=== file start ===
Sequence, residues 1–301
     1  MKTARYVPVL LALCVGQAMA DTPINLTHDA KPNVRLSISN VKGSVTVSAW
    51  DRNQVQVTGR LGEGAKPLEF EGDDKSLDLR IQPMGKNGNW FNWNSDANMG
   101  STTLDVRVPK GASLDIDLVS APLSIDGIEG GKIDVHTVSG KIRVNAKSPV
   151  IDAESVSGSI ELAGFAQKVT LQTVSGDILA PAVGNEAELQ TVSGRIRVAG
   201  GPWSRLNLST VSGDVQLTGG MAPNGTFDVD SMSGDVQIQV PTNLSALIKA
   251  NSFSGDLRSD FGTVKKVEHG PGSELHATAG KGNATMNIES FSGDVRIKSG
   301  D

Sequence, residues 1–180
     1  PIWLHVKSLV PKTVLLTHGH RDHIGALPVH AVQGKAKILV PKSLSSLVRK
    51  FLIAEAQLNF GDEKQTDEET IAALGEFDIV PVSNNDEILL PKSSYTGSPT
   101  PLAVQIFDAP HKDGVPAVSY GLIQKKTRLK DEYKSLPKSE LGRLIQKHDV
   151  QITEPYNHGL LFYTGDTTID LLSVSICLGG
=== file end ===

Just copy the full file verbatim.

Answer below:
Sequence, residues 1–301
     1  MKTARYVPVL LALCVGQAMA DTPINLTHDA KPNVRLSISN VKGSVTVSAW
    51  DRNQVQVTGR LGEGAKPLEF EGDDKSLDLR IQPMGKNGNW FNWNSDANMG
   101  STTLDVRVPK GASLDIDLVS APLSIDGIEG GKIDVHTVSG KIRVNAKSPV
   151  IDAESVSGSI ELAGFAQKVT LQTVSGDILA PAVGNEAELQ TVSGRIRVAG
   201  GPWSRLNLST VSGDVQLTGG MAPNGTFDVD SMSGDVQIQV PTNLSALIKA
   251  NSFSGDLRSD FGTVKKVEHG PGSELHATAG KGNATMNIES FSGDVRIKSG
   301  D

Sequence, residues 1–180
     1  PIWLHVKSLV PKTVLLTHGH RDHIGALPVH AVQGKAKILV PKSLSSLVRK
    51  FLIAEAQLNF GDEKQTDEET IAALGEFDIV PVSNNDEILL PKSSYTGSPT
   101  PLAVQIFDAP HKDGVPAVSY GLIQKKTRLK DEYKSLPKSE LGRLIQKHDV
   151  QITEPYNHGL LFYTGDTTID LLSVSICLGG